• Lift back to tabletop. Keeping the hands on the mat, plant your right foot between them, keeping the left knee on the ground. On an inhale, lift your torso for a modified low lunge. Arms can reach overhead or be on your hips.
  • Shift your weight back onto your left leg, straightening your right leg and keeping only its heel connected to the mat, for a half hamstring stretch. Hands can rest on the floor if you need the added stability.
  • Shift forward again into your low lunge.
  • Place your left palm on the mat next to your right foot. Lift you right hand toward the sky, coming into revolved low lunge. Really Reach through the right fingertips and work on opening your heart.
  • Release your right hand back down. Slide the right foot back, coming into tabletop once more.
  • Plant your left foot between your hands. Keep your right knee on the ground. Lift up into low lunge. Arms can be overhead or on your hips.
  • Shift your weight back, straightening your left leg, keeping the left heel connected to the mat, flexing the foot, coming into a half hamstring stretch.
  • Shift forward again into your low lunge.
  • Place your right palm on the mat next to your left foot and lift your left hand to the sky – revolved low lunge.
  • Release your left hand back down to the mat. Slide the left foot back, passing through tabletop, as you rest your hips down onto the feet and melt your heart down to the mat for child’s pose.
  • Lift back to tabletop. Feeling strong, lift the hips up and back, creating a lovely V shape with your body for down dog.
  • Slowly walk your feet toward your hands, coming into a standing forward fold. Once there, maybe grab opposite elbows for rag doll.
  • Roll up to standing.
  • Feeling grounded and strong in your right leg, bring the sole of the left foot onto the right inner calf, opening the knee out to the side. This is tree. If you’d like more of a challenge, bring the foot higher to touch  the inner thigh. Arms can reach overhead or stay in prayer in front of your heart. Lift through the crown of the head, creating length in the spine.
  • Release your left foot back to the mat.
  • Ground through the left foot, and when you’re ready, bring the sole of the right foot to to the left inner calf. Try a different arm position this time.
  • Release your right foot back to the mat.
  • Ground through your right foot and lift the left heel back toward your tush. Grab the inner arch with your left hand and begin to open up into dancer pose. To find more extension here, push the left foot into the left hand as you tilt forward slightly. Use your right arm as a counterbalance as it reaches up and forward.
  • Release and shake it out.
  • Ground through your left foot and lift the right heel back. Grab the inner arch with your right hand for dancer. Remember as you work on the pose that your two sides might feel different. Maybe you can go farther on this side; maybe you can’t. It’s ok.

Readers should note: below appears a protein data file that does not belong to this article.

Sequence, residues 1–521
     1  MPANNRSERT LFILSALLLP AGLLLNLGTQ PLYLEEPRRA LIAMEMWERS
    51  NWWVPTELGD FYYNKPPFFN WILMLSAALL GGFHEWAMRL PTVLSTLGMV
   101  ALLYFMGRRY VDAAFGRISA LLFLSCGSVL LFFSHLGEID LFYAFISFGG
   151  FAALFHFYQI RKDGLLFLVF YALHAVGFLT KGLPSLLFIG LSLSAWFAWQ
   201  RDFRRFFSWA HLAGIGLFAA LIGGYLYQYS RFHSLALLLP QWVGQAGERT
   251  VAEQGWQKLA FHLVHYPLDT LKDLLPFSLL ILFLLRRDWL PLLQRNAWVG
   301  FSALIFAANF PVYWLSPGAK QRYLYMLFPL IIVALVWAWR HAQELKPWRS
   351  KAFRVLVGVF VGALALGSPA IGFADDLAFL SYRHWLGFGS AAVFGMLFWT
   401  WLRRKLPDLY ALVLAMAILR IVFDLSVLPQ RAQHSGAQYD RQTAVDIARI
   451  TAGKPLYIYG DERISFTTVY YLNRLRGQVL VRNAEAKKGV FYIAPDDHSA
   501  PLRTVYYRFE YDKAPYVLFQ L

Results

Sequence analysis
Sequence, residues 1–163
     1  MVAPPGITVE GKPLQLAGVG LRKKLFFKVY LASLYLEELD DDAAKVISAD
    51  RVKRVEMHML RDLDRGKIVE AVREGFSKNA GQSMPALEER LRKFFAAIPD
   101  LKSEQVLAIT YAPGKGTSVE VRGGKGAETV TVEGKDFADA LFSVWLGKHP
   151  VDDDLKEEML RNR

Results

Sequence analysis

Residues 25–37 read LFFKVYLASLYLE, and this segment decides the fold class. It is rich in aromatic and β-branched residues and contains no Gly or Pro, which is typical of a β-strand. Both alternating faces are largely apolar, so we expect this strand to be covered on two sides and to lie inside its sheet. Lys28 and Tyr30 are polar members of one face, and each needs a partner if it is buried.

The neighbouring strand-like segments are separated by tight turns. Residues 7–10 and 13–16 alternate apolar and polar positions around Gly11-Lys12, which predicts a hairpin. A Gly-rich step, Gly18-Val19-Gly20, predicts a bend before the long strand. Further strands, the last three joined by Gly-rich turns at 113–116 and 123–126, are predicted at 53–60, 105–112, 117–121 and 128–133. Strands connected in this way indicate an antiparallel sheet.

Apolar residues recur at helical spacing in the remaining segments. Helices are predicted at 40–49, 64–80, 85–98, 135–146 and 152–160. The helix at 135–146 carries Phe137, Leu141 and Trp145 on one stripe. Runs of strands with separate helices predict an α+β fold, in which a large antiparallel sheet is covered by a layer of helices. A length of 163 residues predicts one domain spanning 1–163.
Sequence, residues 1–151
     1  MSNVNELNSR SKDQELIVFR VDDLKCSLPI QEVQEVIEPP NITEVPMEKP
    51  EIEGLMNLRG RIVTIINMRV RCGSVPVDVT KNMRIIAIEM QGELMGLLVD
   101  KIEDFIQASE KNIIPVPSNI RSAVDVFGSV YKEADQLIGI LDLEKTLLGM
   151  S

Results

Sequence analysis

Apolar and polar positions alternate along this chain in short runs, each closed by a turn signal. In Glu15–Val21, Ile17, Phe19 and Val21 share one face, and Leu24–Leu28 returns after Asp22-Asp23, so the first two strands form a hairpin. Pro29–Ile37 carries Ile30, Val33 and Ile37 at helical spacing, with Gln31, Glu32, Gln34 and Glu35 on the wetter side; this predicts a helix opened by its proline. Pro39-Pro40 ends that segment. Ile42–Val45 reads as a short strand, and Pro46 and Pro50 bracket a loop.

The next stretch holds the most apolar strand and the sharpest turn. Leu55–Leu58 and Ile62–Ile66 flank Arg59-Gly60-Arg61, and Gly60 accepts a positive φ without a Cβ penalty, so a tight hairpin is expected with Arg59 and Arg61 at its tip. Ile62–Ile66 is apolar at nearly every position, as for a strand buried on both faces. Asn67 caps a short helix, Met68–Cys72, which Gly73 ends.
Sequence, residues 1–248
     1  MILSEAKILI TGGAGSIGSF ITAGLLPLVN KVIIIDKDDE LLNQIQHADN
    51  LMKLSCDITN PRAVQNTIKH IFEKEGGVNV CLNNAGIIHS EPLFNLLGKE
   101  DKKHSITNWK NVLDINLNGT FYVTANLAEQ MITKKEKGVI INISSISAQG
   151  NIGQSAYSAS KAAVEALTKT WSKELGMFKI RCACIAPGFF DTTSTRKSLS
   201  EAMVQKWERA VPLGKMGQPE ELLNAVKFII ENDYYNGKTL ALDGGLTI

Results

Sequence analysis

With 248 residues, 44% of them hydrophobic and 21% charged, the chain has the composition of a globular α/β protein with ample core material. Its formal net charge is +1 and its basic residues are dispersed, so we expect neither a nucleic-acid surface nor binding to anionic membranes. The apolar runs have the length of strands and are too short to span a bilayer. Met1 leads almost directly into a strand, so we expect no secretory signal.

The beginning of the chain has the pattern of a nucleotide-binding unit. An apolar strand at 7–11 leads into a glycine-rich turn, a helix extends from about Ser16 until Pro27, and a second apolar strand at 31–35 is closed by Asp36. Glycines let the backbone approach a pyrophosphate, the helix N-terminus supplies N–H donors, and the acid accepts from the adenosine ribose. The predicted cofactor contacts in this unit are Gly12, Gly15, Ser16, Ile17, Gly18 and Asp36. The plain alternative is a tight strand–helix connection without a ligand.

• Release and shake it out.
  • Meeting in a standing position toward the front of the mat, widen the feet out to the edge of your mat. With hands in prayer in front of your heart, slowly lower the hips down for a yogic squat. The elbows can help push the knees back for a deeper stretch.
  • Release your hands and lower onto your bum.
  • Keeping a flat back, engage your core and lift your feet off the mat. Lean back slightly, creating a V, for upward facing boat.
  • Gently release the pose and lower all the way onto your back, returning to where we began in corpse pose.



Loaded Baked Potato

Loaded Baked Potato from Relish the Feast

After three 12+ hour days at work this week, I wanted nothing more than to curl up on the couch with a yummy dish and watch some back episodes of The Daily Show. Enter: Loaded Bake Potatoes. This is a classic comfort food that each person can customize. It takes a little longer than some meals, but your actual hands-on time is very short – perfect for lounging while you cook.

The base of this dish is the baked potato. Heat the oven to 400 degrees. Clean 1 potato per person at a minimum. Stab it a few times to allow for venting while it bakes. Place each potato on a sheet of aluminum foil. Before you fold the package up, spritz the potato with Pam or drizzle a small amount of olive oil on it and sprinkle a little salt on it. Wrap up each potato tightly. Set the potato packs directly on the rack in the oven. Bake for 45-60 minutes.

For the toppings, the world is your oyster. I used the following: sour cream, margarine, cheddar cheese, dill, salt, turkey bacon, green onion and a sauteed mixture of corn, peas and mushrooms.



DIY – Patriotic Door Decoration

Patriotic Door Hanger from Relish the Feast

The Fourth of July is nearly here, and that means red, white & blue everywhere. On Pinterest, I saw this cute decoration, which inspired me to update my front door. Using that as the inspriation, I made this simple DIY using items I had in the house, which = free! Total time spent: less than an hour. #winning (Is that still a thing? Probably not.)

What you’ll need:

  • A wooden dowel, stick, rod of some kind, roughly 1.5 feet in length. (I really wanted to use a stick from the woods, but we’ve had rain every day. Wet stick = no bueno for crafting. I used an extra paint stirrer that I had around.)
  • Variety of scrap fabric/ribbon/etc. in red, white and blue
  • Drill (optional)
  • Red, white and/or blue paint (optional)


  • Drill a hole on each end of your stick where the ribbon hanger will attach. This is optional. The alternate option will be to tie the hanger all the way around the stick in order to hang it.
  • Paint the stick. Again, optional. My stick color was boring, so I painted it. If you are painting your stick, wait until it is dry to attach the fabric/ribbon/etc.
  • Cut the red and white fabric/ribbon/etc. into strips that are about 2 feet in length. No need to be exact.
  • Cut the blue fabric/ribbon/etc. into strips that are about 1 foot in length.
  • Attached the strips of fabric/ribbon/etc. to the stick, staying inside the drill holes or point where you’ll attach the hanger. Alternate red and white along the length of the stick. Only do blue on the left third. That’s your field of blue like the flag. I looped the strips through themselves and tugged until they were tight. For the small, shiny ribbon, I had to tie a knot to secure it. (Alternately, you could cut your blue strips the same length as the red and white ones and only use blue on the left third. Get creative!)

Ties for hanger - Relish the Feast

  • Cut an extra strip of fabric/ribbon/etc. to use for the hanger. Slide one end through each of the holes and tie a knot on the backside to keep the hanger from slipping out of the hole. (If you didn’t drill holes, just tie the strip onto your stick.)
  • Hang it up and celebrate the Fourth in style.

Back tie for hanger - Relish the Feast

Enjoy! If you make one for your home, I’d love to see it. Share it with me (@relishthefeast) on Instagram.